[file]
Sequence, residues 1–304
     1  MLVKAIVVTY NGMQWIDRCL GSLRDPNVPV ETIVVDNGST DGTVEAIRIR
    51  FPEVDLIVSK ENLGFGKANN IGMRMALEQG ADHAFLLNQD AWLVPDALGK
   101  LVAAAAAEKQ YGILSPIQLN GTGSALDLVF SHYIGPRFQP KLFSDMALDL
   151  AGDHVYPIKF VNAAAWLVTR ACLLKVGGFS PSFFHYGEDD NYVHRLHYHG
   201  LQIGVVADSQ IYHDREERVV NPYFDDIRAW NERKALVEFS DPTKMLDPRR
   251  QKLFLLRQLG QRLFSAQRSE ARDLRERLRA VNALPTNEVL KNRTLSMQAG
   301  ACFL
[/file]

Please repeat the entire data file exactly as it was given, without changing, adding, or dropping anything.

Sequence, residues 1–304
     1  MLVKAIVVTY NGMQWIDRCL GSLRDPNVPV ETIVVDNGST DGTVEAIRIR
    51  FPEVDLIVSK ENLGFGKANN IGMRMALEQG ADHAFLLNQD AWLVPDALGK
   101  LVAAAAAEKQ YGILSPIQLN GTGSALDLVF SHYIGPRFQP KLFSDMALDL
   151  AGDHVYPIKF VNAAAWLVTR ACLLKVGGFS PSFFHYGEDD NYVHRLHYHG
   201  LQIGVVADSQ IYHDREERVV NPYFDDIRAW NERKALVEFS DPTKMLDPRR
   251  QKLFLLRQLG QRLFSAQRSE ARDLRERLRA VNALPTNEVL KNRTLSMQAG
   301  ACFL